In a promotional video, the company that makes Oreos used drones to dunk cookies into cups of milk. (YouTube)

The NYC Drone Film Festival will hold its third annual event this week. (YouTube)

An Arizona man who leads an anti-immigration vigilante group is using a drone to patrol the U.S border with Mexico in search of undocumented crossings. (Voice of America)

A man who attempted to use a drone to smuggle drugs into a Scottish prison has been sentenced to five years in prison. (BBC)

Industry Intel

The Turkish military has taken a delivery of six Bayraktar TB-2 military drones, two of which are armed, for air campaigns against ISIL and Turkish forces. (Defense News)

The U.S. Navy awarded Boeing Insitu a contract for RQ-21A Blackjack and ScanEagle drones. (FBO)

The U.S. Army awarded Riegl a $30,021 contract for LiDAR accessories for the Riegl RiCopter drone. (FBO)

General Atomics Aeronautical Systems awarded Hughes Network Systems a contract for satellite communications for the U.K.’s Predator B drones. (Space News)

Schiebel awarded CarteNav Solutions a contact for its AIMS-ISR software for the S-100 Camcopter unmanned helicopters destined for the Royal Australian Navy. (Press Release)

Defence Research and Development Canada awarded Ontario Drive & Gear a $1 million contract for trials of the Atlas J8 unmanned ground vehicle. (Canadian Manufacturing)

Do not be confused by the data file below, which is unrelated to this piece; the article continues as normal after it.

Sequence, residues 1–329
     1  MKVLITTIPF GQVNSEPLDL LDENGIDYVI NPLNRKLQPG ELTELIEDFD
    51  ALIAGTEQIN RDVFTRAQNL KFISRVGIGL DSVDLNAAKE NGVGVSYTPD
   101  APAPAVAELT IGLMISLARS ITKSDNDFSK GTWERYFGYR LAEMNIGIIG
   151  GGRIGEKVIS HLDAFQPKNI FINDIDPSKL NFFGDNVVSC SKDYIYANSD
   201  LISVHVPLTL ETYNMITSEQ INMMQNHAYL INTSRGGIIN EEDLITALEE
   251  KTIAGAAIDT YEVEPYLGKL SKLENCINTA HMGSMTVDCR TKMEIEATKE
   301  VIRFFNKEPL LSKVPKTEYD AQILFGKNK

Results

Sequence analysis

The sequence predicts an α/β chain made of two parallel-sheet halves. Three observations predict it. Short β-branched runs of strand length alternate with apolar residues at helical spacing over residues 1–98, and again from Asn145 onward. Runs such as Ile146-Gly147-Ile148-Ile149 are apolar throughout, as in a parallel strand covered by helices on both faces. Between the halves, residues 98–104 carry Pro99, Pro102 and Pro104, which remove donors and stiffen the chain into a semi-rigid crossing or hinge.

Kratos Defense and Security Solutions reported a $5.6 million contract for aerial targeted drones for the U.S. government. (Shephard Media)

Deveron UAS will provide Thompsons, a subsidiary of Lansing Trade Group and The Andersons, with drone data for agricultural production through 2018. (Press Release)

Precision Vectors Aerial selected the Silent Falcon UAS for its beyond visual line-of-sight operations in Canada. (Shephard Media)

Rolls-Royce won a grant from Tekes, a Finnish government research funding agency, to continue developing remote and autonomous shipping technologies. (Shephard Media)

Israeli drone manufacturer BlueBird is submitting an updated MicroB UAV system for the Indian army small UAV competition. (FlightGlobal)

A Romanian court has suspended a planned acquisition of Aeronautics Defense Systems Orbiter 4 drones for the Romanian army. (FlightGlobal)
Deere & Co.—a.k.a. John Deere—announced that it will partner with Kespry, a drone startup, to market drones for the construction and forestry industries. (TechCrunch)

For updates, news, and commentary, follow us on Twitter. The Weekly Drone Roundup is a newsletter from the Center for the Study of the Drone. It covers news, commentary, analysis and technology from the drone world. You can subscribe to the Roundup here.



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Center for the Study of the Drone at Bard College a research and education initiative that brings together creative thinking and perspectives from a wide variety of academic fields to help the public better understand the drone and its implications.
Center for the Study of the Drone at Bard College a research and education initiative that brings together creative thinking and perspectives from a wide variety of academic fields to help the public better understand the drone and its implications.